THE WHITE HOUSE
Office of the Press Secretary
For Immediate Release July 20, 2007
STATEMENT BY THE PRESS SECRETARY
This afternoon, the President signed an Executive Order that interprets for the United States "Common Article 3" of the Geneva Conventions, as authorized in the Military Commissions Act. The Order interprets the meaning and application of Common Article 3 with respect to certain detentions and interrogations. Specifically, the interpretation of Common Article 3 set forth in this Order is applied to the Central Intelligence Agency's detention and interrogation program whose purpose is to question captured Al Qaeda terrorists who have information on attack plans or the whereabouts of the group's senior leaders.
The Order requires that any CIA interrogation program that might go forward comply with all relevant federal statutes, including the prohibition on "cruel, inhuman, or degrading treatment or punishment" in the Detainee Treatment Act of 2005, the federal prohibition on torture, and the War Crimes Act, all of which protect against violations of Common Article 3. The Order imposes other explicit limitations on interrogation techniques and conditions of confinement in a CIA program. It bars, "acts of violence serious enough to be considered comparable to murder, torture, mutilation, and cruel and inhuman treatment." It also prohibits "willful and outrageous acts of personal abuse done for the purpose of humiliating or degrading the individual in a manner so serious that any reasonable person, considering the circumstances, would deem the acts beyond the bounds of human decency." And the Order forbids acts intended to denigrate detainees' religion, religious practices, or religious objects.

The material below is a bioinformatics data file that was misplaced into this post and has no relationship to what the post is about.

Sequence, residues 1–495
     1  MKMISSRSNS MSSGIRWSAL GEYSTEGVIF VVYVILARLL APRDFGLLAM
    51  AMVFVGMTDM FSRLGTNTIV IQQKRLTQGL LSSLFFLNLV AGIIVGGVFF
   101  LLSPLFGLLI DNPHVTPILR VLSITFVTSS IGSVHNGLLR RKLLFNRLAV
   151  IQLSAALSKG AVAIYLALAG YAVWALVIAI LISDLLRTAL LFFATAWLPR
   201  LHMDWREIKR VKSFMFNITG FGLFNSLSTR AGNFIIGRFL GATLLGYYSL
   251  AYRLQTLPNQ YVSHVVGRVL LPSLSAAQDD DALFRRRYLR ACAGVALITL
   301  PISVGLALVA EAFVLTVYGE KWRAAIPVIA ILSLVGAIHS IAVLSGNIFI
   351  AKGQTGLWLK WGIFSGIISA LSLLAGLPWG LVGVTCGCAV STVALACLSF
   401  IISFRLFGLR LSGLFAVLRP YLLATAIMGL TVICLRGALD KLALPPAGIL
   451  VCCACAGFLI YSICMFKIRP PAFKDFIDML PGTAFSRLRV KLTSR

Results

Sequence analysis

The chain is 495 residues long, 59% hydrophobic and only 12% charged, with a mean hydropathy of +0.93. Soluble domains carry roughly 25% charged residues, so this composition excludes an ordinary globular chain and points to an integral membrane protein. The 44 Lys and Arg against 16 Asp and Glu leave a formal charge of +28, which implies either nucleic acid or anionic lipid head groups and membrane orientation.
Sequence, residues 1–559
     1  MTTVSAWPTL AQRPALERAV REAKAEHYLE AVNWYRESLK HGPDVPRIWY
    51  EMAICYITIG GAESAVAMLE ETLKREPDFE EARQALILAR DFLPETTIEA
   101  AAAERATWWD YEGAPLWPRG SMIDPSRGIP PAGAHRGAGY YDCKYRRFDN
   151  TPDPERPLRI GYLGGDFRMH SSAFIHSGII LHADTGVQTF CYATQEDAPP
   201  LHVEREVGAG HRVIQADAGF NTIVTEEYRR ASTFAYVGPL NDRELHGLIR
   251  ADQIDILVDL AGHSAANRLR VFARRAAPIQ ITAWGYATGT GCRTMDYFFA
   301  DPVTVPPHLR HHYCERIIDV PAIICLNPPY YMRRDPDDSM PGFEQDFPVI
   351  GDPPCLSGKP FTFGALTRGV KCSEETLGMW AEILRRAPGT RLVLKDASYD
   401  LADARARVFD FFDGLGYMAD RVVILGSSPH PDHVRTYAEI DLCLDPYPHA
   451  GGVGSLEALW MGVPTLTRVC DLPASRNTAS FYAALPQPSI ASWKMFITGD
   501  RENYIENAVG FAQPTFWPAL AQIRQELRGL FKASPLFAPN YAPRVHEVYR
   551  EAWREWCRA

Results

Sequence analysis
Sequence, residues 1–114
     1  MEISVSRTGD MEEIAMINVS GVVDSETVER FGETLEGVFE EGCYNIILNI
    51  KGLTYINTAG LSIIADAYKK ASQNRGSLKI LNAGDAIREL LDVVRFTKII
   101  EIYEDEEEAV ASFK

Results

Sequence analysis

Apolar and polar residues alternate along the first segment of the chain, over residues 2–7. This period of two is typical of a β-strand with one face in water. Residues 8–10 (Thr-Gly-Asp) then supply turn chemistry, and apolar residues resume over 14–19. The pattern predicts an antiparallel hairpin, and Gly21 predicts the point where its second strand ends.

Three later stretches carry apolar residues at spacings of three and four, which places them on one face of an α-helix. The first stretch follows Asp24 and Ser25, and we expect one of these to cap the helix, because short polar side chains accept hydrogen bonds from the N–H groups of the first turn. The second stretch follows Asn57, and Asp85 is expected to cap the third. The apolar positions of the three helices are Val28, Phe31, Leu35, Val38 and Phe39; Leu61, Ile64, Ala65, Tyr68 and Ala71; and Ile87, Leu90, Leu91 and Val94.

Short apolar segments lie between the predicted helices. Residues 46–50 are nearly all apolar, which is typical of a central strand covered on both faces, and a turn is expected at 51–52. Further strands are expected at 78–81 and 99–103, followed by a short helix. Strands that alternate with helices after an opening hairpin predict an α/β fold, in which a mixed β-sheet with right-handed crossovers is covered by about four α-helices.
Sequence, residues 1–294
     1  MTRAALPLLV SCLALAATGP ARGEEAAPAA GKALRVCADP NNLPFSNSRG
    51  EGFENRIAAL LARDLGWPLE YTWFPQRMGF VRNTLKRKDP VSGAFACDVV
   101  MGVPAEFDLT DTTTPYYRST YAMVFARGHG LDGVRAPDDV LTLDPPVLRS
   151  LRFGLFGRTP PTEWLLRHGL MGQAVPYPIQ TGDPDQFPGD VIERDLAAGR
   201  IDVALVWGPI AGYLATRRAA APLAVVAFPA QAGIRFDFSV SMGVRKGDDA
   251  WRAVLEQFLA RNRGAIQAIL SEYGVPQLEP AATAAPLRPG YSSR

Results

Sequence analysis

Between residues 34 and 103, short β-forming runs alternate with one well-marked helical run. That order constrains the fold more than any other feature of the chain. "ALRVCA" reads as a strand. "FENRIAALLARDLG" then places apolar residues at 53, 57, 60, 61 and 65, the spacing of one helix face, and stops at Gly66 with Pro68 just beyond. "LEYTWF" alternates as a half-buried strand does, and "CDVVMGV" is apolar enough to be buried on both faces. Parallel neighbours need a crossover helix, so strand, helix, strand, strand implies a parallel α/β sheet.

Last September, the President explained how the CIA's program had disrupted attacks and saved lives, and that it must continue on a sound legal footing. The President has insisted on clear legal standards so that CIA officers involved in this essential work are not placed in jeopardy for doing their job - and keeping America safe from attacks. This Order was signed after an extensive interagency process of review and coordination. By providing these clear rules, the Order has clarified vague terms in Common Article 3, and its interpretation is consistent with the decisions of international tribunals applying Common Article 3, including the International Criminal Tribunal for the Former Yugoslavia.
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